He landed a part-time job as a line cook at the Trustees Dining Room at the Metropolitan Museum of Art, which may have been a bit staid and corporate, he admits, but “there wasn’t a lot of screaming”. He worked his way up through the ranks to sous chef, an experience that fortified his confidence in the food world and galvanised his commitment.
“Then I heard chef Floyd Cardoz was opening an American restaurant with Indian spices.” It was Tabla, which went on to become one of New York’s most highly rated restaurants before closing in 2010.
“The restaurant was still under construction when I interviewed for a job there,” Ismail recalls. “They were doing the interviews in a makeshift space in the lobby of a building. I came rolling in wearing a Hawaiian shirt, shorts and flip-flops. They took me on anyway and put me in the salad station.”
The pre-opening time of a restaurant is monumentally stressful, but Ismail remembers it as one of the greatest learning experiences of his life.
“I was washing pots and pans, unpacking boxes, mopping the floors, setting everything up in a raw space. It was exhausting and I lost weight and I’ve never worked so hard in my life. But by the time I left, five years later, I was chef de cuisine.”
From Tabla, he became executive sous chef with Jean-Georges Vongerichten at Spice Market, where he helped shape the restaurant’s reputation for gourmet South Asian street food. Then he switched tack to join chef Dan Barber at Stone Barns near Ismail’s then-home in Westchester, where he was exposed to the farm-to-table concept, foraging for herbs and raising pigs and lambs. Next he ran the small showpiece restaurant at Kalustyan’s spice store on New York’s Lexington Avenue. When that stint ended, he took a break.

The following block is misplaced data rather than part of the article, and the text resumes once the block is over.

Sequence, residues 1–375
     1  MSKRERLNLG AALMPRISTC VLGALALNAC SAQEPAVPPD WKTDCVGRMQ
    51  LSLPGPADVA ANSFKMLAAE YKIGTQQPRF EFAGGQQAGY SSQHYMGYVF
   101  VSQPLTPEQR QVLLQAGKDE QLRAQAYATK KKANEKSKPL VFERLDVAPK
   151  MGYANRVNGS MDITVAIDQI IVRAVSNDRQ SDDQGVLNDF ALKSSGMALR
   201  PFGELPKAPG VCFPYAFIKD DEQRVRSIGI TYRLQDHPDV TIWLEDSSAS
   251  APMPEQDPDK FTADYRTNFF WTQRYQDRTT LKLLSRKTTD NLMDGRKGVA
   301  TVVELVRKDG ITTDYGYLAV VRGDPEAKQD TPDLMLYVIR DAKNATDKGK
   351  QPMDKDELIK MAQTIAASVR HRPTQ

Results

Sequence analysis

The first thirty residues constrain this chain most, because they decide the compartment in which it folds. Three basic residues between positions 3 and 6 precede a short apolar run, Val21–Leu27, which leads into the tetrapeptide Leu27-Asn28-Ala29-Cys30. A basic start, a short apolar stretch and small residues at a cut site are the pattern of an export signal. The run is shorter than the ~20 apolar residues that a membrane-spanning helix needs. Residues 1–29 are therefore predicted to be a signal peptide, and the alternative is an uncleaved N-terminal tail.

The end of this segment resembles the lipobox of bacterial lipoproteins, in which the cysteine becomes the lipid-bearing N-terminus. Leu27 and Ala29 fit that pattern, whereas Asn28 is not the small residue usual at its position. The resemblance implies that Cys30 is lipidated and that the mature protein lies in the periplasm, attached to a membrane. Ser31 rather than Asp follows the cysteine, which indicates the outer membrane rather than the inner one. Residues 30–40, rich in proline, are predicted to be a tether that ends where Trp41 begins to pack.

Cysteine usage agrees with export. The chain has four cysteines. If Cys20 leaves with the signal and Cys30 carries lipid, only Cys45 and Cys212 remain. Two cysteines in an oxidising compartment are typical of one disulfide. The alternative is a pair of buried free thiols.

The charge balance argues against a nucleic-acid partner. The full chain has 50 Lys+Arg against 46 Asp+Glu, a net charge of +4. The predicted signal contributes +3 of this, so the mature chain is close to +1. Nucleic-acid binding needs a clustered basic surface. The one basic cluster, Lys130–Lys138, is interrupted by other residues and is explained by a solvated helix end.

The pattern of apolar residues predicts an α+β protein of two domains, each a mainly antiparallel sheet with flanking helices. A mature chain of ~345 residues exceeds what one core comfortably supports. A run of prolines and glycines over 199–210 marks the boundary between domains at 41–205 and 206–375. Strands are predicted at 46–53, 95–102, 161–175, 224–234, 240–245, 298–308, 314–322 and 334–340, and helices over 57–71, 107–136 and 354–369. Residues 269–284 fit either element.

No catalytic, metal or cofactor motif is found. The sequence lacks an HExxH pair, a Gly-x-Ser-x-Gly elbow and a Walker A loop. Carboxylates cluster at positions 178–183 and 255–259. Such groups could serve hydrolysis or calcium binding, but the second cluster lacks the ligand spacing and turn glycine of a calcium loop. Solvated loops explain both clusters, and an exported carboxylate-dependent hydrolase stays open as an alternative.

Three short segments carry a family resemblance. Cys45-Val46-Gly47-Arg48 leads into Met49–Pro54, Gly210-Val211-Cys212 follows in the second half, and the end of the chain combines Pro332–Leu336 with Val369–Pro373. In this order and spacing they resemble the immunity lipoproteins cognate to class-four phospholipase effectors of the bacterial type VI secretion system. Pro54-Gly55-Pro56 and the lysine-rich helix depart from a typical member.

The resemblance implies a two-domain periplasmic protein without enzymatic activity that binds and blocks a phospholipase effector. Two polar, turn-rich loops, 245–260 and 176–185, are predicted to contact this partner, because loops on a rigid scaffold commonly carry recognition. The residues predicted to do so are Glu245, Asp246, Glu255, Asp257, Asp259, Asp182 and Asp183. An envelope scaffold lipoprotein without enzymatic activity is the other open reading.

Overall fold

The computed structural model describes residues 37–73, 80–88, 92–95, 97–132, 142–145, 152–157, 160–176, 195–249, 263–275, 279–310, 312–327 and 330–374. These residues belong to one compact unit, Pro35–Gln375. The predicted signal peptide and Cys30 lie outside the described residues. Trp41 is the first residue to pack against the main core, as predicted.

“I went back to Singapore for a month,” he says. “But while I was there, I got a call.”
He had been tracked down by David Overton, founder of the Cheesecake Factory, who wanted to create an Asian restaurant in Los Angeles, and wanted Ismail to run it.
After three years of work, RockSugar opened in 2008 in Westfield mall, Century City, and has drawn crowds ever since. Ismail says he rarely follows food trends and goes with his instinct, what’s in season, what’s in the restaurant cooler and, of course, his mother’s cooking.